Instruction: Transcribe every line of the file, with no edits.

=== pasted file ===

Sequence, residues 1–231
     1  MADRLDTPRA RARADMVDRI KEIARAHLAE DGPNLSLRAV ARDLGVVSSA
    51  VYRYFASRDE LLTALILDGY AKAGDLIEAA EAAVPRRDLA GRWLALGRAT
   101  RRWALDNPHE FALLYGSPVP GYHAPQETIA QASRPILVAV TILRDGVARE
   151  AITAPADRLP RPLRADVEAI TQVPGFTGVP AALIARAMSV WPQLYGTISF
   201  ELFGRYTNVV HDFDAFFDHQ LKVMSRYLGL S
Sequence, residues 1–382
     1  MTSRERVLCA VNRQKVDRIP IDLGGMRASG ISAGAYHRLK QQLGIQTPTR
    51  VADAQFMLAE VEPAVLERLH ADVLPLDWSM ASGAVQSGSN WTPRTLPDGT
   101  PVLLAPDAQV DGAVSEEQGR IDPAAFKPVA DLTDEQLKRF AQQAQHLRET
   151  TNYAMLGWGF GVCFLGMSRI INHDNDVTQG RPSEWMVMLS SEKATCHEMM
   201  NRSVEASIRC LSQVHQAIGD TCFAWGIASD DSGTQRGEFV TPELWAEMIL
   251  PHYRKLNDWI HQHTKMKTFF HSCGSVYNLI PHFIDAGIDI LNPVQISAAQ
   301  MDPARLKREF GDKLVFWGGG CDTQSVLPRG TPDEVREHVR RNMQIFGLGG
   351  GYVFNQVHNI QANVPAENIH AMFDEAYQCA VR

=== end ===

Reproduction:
Sequence, residues 1–231
     1  MADRLDTPRA RARADMVDRI KEIARAHLAE DGPNLSLRAV ARDLGVVSSA
    51  VYRYFASRDE LLTALILDGY AKAGDLIEAA EAAVPRRDLA GRWLALGRAT
   101  RRWALDNPHE FALLYGSPVP GYHAPQETIA QASRPILVAV TILRDGVARE
   151  AITAPADRLP RPLRADVEAI TQVPGFTGVP AALIARAMSV WPQLYGTISF
   201  ELFGRYTNVV HDFDAFFDHQ LKVMSRYLGL S
Sequence, residues 1–382
     1  MTSRERVLCA VNRQKVDRIP IDLGGMRASG ISAGAYHRLK QQLGIQTPTR
    51  VADAQFMLAE VEPAVLERLH ADVLPLDWSM ASGAVQSGSN WTPRTLPDGT
   101  PVLLAPDAQV DGAVSEEQGR IDPAAFKPVA DLTDEQLKRF AQQAQHLRET
   151  TNYAMLGWGF GVCFLGMSRI INHDNDVTQG RPSEWMVMLS SEKATCHEMM
   201  NRSVEASIRC LSQVHQAIGD TCFAWGIASD DSGTQRGEFV TPELWAEMIL
   251  PHYRKLNDWI HQHTKMKTFF HSCGSVYNLI PHFIDAGIDI LNPVQISAAQ
   301  MDPARLKREF GDKLVFWGGG CDTQSVLPRG TPDEVREHVR RNMQIFGLGG
   351  GYVFNQVHNI QANVPAENIH AMFDEAYQCA VR